Claire McLaughlin (30) is a rugby player and doctor who won her first international cap at the 2016 Women’s Six Nations. She is currently recovering from an injury, works in the emergency room at Ulster Hospital and is also a BBC expert on the Women’s Six Nations. Born in Bushmills, Co. Antrim, she lives in Belfast with her husband Jonny.
I was a little tomboy. I loved playing in the garden with my brothers and helping my father on the farm.
Choose three words to describe yourself.
I would say: hardworking, friendly and competitive.
How do you balance your rugby with your medical education?
You don’t get paid for women’s rugby, so you need to balance your career with your passion. I was originally drafted into the Ireland squad the same year I completed my medical studies. I balanced the revision alongside the Six Nations.
Did you pay a price for this?
I postponed my final exams because I found out I had an underlying heart condition. I was starting to get palpitations caused by the stress of the repetition, the training, possibly my first cap in the Six Nations and all the coffee I was drinking. I had surgery to fix my heart problem and three weeks later I was playing rugby. I got my first cap during this Six Nations.
How does a doctor deal with an injury?
I injured my right ankle during training in May 2019. It was a crazy accident and I ended up having surgery. After four weeks I went back to work. As a doctor, I felt I had to work, but it was too early. It prolonged recovery and I had to have a second operation.
Why did you choose the emergency room?
It’s stressful and hectic, but I enjoy it. The team is great. There are so many different patients – elderly, children and middle-aged.
What drives you?
The desire to be the best I can be. In rugby I’ve played with Ulster and Ireland and I’ve played in the World Cup. I want to do this again.
Best advice you give?
Work your 100 percent in everything you do.
Do you think Irish women’s rugby will ever turn professional?
It has to be, especially when you see the other teams getting professional. Look at Wales in the Six Nations. They’ve landed a few professional deals in the last few months and are already making great strides.
Do you like working as an expert?
Yes, but it was quite a steep learning curve. You need to do quite a bit of research to make sure you know all the players, the systems they are trying to implement and how they play their game. Also, live TV is scary because you could say anything.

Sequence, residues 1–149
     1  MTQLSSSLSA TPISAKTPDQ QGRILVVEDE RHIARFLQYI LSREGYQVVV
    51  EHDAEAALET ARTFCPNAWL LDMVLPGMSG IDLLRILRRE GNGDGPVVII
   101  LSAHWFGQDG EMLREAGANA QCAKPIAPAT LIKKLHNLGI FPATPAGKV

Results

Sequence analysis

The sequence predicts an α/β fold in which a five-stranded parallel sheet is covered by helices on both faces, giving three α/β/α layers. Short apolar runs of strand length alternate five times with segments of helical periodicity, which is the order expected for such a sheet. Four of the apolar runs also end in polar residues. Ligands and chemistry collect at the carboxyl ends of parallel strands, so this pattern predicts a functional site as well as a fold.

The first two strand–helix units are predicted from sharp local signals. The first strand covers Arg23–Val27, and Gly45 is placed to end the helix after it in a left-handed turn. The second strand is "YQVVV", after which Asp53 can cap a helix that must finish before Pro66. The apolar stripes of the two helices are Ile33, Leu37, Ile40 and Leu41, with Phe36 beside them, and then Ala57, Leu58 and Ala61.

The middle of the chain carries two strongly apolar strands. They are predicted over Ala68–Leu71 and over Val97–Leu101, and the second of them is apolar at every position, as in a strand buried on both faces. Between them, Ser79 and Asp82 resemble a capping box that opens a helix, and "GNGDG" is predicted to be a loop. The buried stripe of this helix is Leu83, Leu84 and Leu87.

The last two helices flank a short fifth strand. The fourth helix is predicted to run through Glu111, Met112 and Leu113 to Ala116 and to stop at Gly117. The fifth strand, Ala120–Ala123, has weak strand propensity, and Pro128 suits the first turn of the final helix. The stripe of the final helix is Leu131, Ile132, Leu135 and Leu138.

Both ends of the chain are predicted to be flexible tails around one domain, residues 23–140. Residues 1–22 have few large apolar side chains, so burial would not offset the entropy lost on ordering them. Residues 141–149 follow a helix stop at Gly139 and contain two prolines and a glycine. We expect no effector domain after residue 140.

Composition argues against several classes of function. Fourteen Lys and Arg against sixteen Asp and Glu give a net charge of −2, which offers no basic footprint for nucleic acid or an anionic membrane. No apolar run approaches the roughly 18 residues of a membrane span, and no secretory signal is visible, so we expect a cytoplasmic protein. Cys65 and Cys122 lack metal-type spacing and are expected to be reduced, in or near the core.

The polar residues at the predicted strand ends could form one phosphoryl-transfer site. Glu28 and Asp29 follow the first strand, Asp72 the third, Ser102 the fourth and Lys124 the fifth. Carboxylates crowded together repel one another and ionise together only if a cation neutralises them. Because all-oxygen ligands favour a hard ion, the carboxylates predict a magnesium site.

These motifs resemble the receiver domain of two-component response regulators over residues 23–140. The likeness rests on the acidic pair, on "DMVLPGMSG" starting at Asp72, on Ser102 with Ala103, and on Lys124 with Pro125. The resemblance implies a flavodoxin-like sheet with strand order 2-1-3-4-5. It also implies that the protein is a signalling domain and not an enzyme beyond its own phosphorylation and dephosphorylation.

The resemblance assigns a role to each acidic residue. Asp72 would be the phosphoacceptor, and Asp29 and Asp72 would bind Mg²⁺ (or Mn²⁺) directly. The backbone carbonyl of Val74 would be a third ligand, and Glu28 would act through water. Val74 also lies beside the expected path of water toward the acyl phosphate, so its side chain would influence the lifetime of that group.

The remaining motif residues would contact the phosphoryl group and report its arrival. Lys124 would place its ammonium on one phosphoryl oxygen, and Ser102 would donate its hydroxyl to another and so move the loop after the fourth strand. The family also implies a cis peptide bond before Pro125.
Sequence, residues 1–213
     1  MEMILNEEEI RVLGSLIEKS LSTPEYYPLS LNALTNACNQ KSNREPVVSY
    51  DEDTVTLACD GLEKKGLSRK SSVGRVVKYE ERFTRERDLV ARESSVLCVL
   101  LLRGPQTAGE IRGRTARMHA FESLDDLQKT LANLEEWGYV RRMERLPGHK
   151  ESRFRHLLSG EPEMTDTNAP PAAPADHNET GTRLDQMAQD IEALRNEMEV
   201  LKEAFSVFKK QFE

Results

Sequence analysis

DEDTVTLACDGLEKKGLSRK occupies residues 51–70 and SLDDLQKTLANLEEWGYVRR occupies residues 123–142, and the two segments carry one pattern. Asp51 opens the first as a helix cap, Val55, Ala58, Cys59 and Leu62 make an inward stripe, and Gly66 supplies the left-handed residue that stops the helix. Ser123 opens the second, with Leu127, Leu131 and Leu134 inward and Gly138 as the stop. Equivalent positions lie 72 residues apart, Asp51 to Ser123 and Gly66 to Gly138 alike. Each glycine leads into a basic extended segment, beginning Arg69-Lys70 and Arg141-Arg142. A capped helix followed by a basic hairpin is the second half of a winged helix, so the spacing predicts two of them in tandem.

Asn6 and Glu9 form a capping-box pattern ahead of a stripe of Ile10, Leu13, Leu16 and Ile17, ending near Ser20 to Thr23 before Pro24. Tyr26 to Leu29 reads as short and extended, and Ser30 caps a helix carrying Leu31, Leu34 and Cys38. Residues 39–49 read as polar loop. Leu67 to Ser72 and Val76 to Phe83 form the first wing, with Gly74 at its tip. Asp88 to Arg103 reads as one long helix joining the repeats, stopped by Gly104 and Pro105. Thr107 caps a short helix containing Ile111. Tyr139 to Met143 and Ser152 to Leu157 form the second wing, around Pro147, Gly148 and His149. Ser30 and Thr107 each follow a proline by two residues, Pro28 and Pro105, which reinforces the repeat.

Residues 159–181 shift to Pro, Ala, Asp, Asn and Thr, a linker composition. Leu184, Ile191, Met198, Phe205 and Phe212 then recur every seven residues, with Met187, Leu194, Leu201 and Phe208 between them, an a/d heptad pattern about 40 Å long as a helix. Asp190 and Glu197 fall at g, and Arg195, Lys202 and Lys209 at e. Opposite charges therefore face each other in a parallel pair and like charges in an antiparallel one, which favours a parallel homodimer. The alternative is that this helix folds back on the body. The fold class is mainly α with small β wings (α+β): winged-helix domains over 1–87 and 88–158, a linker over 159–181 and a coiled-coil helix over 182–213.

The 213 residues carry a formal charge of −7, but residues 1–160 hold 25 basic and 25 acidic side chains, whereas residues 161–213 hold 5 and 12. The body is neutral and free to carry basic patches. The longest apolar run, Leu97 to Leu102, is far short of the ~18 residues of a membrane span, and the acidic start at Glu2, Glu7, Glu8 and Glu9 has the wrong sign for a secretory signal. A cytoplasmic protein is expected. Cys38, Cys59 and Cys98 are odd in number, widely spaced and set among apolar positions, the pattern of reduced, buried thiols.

You play the piano – does it help you relax?
I started when I was six. I use it as my break from the stress of college, work or even rugby. I’m so glad I have it. I can sit down and play for two hours when I have time.
Your faith matters too…
I am a christian. My faith has been very important to me in recent years. When I played rugby I wore a strap around my wrist and put AO1 on it – Audience of One. I would say prayers before I go on the pitch but I would never pray that we would win. Instead, I would pray for everyone to get out safely.
You got married last year. Has marriage changed you?
Marriage has softened me. I used to be a bit uptight and would have stressed about things but my husband tells me to be careful. He’s very supportive.
How do you rate Ireland’s chances for the next two games?
It’s going to be a tough game against England today. But I think we should have good chances against Scotland because they were underperforming.
Women’s Six Nations Rugby England v Ireland today 12pm. Ireland v Scotland April 30 at 8pm womens.sixnationsrugby.com
https://www.independent.ie/life/upfront-irish-rugby-star-claire-mclaughlin-on-punditry-prayer-and-playing-piano-41577060.html First of all: Irish rugby star Claire McLaughlin on expert knowledge, prayer and playing the piano